3. 3. LEGO® Mindstorms robot Configured with two drive wheels at the front, one freewheel at the back Steers through differential rotation of front wheels Pre-program using laptop (cable connection). Once started, follows instructions.
  4. 4. 4 Program the robot to move forward by exactly 1 metre and then stop. Introductory activity
  5. 5. 5 Calulate the heading and distance needed to reach the target, then drive the robot the gyro sensor Programming and using maths Pick TurnDrive from the MyBlocks tab Set the heading and distance Build a driving program by adding more blocks
  6. 6. 6 Starting positions
  7. 7. 7 Finishing positions
  8. 8. 8 Funders requested evaluation of gender effects Pilot evaluation An exercise in rapid research design Start of evaluation planning: Thursday 3rd March 2016 Date of robotics event: Saturday 19th March 2016 Jon R: HREC approval, liaison with RI, suggested methods Alice P: evaluation design, observation, data analysis
  9. 9. 9 Method On the day (March 19th): • Observation: which participants had access to the robot and laptop • Self-reported maps of friendship groups within each team (solid line for friends before masterclass series, dashed line for friends made during masterclasses) • Feedback surveys (previously designed by RI and OU) Analysis: • Chi square tests based upon data from March 2016 and October 2015 feedback surveys • Use observation and friendship data for context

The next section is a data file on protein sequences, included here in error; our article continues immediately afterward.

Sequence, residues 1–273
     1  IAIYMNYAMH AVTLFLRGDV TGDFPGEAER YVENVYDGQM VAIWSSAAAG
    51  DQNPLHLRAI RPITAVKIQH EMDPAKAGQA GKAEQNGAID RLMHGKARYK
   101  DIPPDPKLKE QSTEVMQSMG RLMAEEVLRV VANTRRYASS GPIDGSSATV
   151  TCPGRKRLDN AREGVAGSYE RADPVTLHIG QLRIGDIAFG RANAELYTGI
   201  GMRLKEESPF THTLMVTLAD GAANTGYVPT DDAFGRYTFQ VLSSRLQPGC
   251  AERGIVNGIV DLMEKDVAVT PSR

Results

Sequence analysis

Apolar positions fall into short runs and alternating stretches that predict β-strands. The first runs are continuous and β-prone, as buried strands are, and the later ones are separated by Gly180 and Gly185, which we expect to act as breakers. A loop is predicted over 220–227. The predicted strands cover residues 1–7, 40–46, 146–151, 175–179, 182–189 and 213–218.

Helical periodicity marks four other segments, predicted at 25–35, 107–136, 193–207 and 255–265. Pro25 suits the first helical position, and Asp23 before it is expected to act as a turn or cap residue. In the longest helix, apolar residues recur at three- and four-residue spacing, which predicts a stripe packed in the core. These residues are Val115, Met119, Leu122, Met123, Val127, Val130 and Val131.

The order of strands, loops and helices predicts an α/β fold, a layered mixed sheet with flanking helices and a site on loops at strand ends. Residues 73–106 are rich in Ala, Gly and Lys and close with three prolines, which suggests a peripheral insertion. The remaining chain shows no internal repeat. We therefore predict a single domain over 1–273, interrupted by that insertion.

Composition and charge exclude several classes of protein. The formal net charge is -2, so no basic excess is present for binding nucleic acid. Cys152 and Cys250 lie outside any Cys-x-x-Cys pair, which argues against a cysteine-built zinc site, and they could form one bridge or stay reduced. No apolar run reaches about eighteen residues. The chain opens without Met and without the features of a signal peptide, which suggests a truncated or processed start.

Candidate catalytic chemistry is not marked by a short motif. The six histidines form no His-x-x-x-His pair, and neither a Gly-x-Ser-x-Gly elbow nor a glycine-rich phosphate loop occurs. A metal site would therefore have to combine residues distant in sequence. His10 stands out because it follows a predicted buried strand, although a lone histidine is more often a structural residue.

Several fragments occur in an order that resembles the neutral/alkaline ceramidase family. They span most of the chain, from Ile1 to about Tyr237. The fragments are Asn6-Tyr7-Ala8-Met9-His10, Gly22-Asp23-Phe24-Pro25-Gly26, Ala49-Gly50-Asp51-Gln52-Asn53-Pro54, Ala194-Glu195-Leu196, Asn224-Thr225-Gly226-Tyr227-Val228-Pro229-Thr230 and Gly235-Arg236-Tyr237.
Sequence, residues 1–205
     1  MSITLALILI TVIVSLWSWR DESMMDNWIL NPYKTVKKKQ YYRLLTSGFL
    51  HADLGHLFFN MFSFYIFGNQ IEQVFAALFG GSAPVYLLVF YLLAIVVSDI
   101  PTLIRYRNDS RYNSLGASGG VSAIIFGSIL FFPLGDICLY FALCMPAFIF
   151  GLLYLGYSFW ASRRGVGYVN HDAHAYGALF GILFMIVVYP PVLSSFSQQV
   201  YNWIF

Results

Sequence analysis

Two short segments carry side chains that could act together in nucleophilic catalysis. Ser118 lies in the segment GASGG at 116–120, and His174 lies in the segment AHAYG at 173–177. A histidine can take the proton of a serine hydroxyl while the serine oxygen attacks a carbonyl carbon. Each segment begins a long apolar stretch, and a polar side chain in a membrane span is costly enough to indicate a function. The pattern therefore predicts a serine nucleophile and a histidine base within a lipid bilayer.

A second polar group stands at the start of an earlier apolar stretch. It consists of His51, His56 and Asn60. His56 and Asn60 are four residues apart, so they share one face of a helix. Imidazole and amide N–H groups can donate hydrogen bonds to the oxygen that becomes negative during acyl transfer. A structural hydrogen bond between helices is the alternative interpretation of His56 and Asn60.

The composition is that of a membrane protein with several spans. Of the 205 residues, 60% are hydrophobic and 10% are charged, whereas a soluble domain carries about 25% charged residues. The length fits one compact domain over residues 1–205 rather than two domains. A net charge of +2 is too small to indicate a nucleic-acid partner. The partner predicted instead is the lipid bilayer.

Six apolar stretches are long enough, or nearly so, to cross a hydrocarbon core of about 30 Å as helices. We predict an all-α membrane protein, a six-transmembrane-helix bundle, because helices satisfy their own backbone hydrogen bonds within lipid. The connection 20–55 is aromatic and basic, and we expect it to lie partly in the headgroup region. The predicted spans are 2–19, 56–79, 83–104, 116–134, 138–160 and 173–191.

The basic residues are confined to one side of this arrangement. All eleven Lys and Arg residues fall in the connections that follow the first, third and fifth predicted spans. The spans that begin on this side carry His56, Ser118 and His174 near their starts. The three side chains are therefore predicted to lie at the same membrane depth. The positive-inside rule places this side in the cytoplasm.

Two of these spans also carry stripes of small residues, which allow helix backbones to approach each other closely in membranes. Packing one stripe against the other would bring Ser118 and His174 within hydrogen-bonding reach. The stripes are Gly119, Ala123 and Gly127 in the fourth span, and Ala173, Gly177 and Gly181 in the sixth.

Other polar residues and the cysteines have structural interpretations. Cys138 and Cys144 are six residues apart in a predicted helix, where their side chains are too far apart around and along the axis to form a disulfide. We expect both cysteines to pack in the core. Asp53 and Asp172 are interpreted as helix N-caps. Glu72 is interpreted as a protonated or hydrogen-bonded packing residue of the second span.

10. 10. 10 Participants: March masterclass 39 total: 22 female, 17 male G ender of participants female male
  11. 11. 11 Write three words about the class Girls Boys
  12. 12. 12 1. Did you enjoy this robotics class? 2. Did you learn something new in this robotics class? 3. Were you interested in robotics before this class? 4. Are you interested in it now (after the class)? Yes, lots Yes, a little No or don’t know
  13. 13. 13 Summary of survey data F M F M F M F M Did you enjoy? Did you learn? Interest in robots before class Interest in robots after class 0% 10% 20% 30% 40% 50% 60% 70% 80% 90% 100% S ummary of feedback from Masterclass held on 19/03/16 Yes, lots Yes, a little No or don't know
  14. 14. 14 Male vs female, chi square significant at p < 0.05 (N=78) Enjoyment, both classes female male 0% 10% 20% 30% 40% 50% 60% 70% 80% 90% 100% Did you enjoy this class? No or don't know Yes, a little Yes, lots
  15. 15. 15 Male vs female, chi square not significant (both classes N=78) Learning The free text responses from the March class show that 79% of participants acquired new skills. When responding to the prompt: 'What was the main thing you learnt in the robotics class?', typical comments include: "Programming robots is complicated but really fun" "We learnt about programming and about angles/circles/circumference" "There are robots on Mars" "How to program a robot"